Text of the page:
This paper presents various classification models including several pre-trained CNNs for feature extraction and LSTM for time series classification, which managed to obtain a higher accuracy compared to the previous experiment made in other research. The models were used to extract frames from videos and classify the sequence of these extracted features into two classes: violence and non-violence. The feature extractors were chosen due to the small number of parameters compared to other available pre-trained models, which helps in the implementation of a system to be deployable into edge devices.

Related Work

    Most previous works have utilized small-size public datasets, including Movies with 200 videos (Nievas et al., 2011a), Hockey Fights with 1000 videos (Nievas et al., 2011b), and VFD with 246 videos (Hassner, Itcher, and Kliper-Gross, 2012). For instance, The spatiotemporal Encoder was used to detect violent acts based on Bidirectional Convolutional LSTM (BiConvLSTM) architecture (Yu et al., 2019). A combination of CNN and LSTM was trained and evaluated with a public dataset that consists of two different datasets such as RWF-2000 (Cheng, Cai, and RWF, 2021) and RLVS-2000 (Soliman et al., 2019).
      The combination of CNN and Convolutional Long Short Term Memory (convLSTM) was investigated using Hockey Fight Dataset, Movies Dataset, and Violent-Flows Crowd Violence Dataset (Sudhakaranand Lanz, 2017). Although good performance was achieved, implementing it on a low-cost Internet of Things (IoT) node presents a challenge. The objective was to detect violence using a memory and computation-efficient, low-cost IoT node  (AlDahoul et al., 2021). However, this proposed method utilized a small-sized, arbitrarily defined sequential model during the extraction of features from the dataset in which it only managed to cater less than 80% in terms of accuracy during the prediction over the test batch when it is combined with the LSTM classifier.

Experimental Methods

    There are two datasets being used in this research, and the description of each is explained in this section. Moreover, the section describes the methodology used in terms of different feature extractors, including pre-trained CNNs as well as classification of extracted features utilizing LSTM. Finally, this section discusses the experimental results and explains further the findings obtained from the said methodology in this work.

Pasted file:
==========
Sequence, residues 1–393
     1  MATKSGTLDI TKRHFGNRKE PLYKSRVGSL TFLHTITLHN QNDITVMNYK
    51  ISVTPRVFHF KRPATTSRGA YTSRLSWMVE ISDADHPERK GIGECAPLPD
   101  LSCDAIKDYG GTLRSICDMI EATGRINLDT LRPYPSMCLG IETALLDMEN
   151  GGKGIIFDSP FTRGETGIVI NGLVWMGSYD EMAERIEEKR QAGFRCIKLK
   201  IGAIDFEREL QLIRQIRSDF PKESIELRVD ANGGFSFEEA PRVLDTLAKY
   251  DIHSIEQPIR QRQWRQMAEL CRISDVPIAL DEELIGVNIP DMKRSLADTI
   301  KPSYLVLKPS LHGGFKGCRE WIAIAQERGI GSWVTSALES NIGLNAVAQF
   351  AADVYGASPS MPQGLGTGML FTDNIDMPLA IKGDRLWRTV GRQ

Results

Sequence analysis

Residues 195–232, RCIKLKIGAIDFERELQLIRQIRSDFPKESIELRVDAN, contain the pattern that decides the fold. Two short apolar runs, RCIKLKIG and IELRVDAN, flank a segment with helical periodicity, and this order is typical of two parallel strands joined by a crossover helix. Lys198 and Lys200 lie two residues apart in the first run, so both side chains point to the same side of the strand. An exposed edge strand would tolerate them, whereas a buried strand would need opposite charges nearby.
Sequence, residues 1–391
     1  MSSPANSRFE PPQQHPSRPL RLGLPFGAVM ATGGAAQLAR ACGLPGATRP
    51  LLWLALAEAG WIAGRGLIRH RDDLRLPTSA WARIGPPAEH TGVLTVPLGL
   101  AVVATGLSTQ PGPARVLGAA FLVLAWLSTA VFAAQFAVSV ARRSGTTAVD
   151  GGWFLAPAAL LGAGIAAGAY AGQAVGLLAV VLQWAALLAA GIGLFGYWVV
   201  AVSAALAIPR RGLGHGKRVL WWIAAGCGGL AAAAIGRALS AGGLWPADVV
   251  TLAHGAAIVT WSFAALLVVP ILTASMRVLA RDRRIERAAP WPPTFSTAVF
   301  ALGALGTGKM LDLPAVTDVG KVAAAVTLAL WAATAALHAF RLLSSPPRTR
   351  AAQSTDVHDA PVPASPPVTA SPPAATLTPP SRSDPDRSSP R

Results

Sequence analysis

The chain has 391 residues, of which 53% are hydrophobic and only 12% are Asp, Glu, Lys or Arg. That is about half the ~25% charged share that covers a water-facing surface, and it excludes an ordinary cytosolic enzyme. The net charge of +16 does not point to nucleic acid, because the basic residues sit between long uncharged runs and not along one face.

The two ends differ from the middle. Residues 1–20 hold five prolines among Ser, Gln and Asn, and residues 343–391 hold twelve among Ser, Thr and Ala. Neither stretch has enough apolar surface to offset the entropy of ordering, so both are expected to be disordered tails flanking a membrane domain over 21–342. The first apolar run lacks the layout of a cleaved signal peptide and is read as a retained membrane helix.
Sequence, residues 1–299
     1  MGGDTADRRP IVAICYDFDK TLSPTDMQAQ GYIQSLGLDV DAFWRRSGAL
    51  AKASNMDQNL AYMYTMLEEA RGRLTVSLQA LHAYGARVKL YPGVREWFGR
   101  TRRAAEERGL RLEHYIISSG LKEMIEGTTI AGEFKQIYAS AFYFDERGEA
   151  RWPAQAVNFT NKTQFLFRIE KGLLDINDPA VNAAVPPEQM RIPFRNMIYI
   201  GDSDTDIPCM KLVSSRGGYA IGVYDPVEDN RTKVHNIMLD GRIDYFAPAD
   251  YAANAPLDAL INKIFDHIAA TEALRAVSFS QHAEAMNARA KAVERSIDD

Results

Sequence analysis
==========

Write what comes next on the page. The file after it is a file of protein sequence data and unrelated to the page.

3.1. Dataset Overview

Both datasets were obtained from open sources and stored differently by their respective authors. The RWF-2000 dataset (Cheng, Cai, and RWF, 2021) contains videos captured from Closed-Circuit Television (CCTV) cameras, representing diverse real-life situations. This dataset contains 1000 non-violence videos and 1000 violence videos, which were already classified into training and validation datasets. Meanwhile, the RLVS-2000 dataset (Soliman, et al., 2019) comprises videos collected by the author, sourced primarily from online social media platforms like YouTube. In contrast to the RWF-2000 dataset, RLVS-2000 offers a wider variety of video content, including scenes from movies with fighting sequences and pre-acted fighting scenes recorded by groups of individuals to demonstrate fighting scenarios. Additionally, this dataset also contains scenes in different environments and recorded using various devices such as dash cam, mobile phones and so on, and so forth. RLVS-2000 dataset was classified into two (2) different classes, which are 1000 violent videos and 1000 non-violence videos. Ultimately, with the aim to increase the variation as well as to improve the accuracy of detection, this research combined two (2) of the said datasets to compose 4000 videos in total:  3200 videos used for training and validation and 800 used for testing purposes. Figure 1 shows the samples for non-violence videos used in this research, while Figure 2 shows samples of violence videos. The summary of video division into training, validation, and testing is shown in Table 1.